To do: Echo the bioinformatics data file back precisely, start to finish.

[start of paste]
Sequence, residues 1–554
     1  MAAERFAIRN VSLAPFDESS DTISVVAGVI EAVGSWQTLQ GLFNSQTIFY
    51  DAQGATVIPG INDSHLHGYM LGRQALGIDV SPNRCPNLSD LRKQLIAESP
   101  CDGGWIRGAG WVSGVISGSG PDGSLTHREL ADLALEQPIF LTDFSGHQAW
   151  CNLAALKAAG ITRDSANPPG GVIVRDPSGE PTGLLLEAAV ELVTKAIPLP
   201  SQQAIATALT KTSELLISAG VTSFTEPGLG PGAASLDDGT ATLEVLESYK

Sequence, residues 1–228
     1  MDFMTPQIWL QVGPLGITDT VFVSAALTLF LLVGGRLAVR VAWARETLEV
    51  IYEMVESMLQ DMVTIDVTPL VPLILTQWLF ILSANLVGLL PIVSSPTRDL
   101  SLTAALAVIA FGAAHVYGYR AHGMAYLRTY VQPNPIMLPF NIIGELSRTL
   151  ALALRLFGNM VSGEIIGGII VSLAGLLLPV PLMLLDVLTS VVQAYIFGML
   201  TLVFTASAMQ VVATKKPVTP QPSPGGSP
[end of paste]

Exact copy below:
Sequence, residues 1–554
     1  MAAERFAIRN VSLAPFDESS DTISVVAGVI EAVGSWQTLQ GLFNSQTIFY
    51  DAQGATVIPG INDSHLHGYM LGRQALGIDV SPNRCPNLSD LRKQLIAESP
   101  CDGGWIRGAG WVSGVISGSG PDGSLTHREL ADLALEQPIF LTDFSGHQAW
   151  CNLAALKAAG ITRDSANPPG GVIVRDPSGE PTGLLLEAAV ELVTKAIPLP
   201  SQQAIATALT KTSELLISAG VTSFTEPGLG PGAASLDDGT ATLEVLESYK

Sequence, residues 1–228
     1  MDFMTPQIWL QVGPLGITDT VFVSAALTLF LLVGGRLAVR VAWARETLEV
    51  IYEMVESMLQ DMVTIDVTPL VPLILTQWLF ILSANLVGLL PIVSSPTRDL
   101  SLTAALAVIA FGAAHVYGYR AHGMAYLRTY VQPNPIMLPF NIIGELSRTL
   151  ALALRLFGNM VSGEIIGGII VSLAGLLLPV PLMLLDVLTS VVQAYIFGML
   201  TLVFTASAMQ VVATKKPVTP QPSPGGSP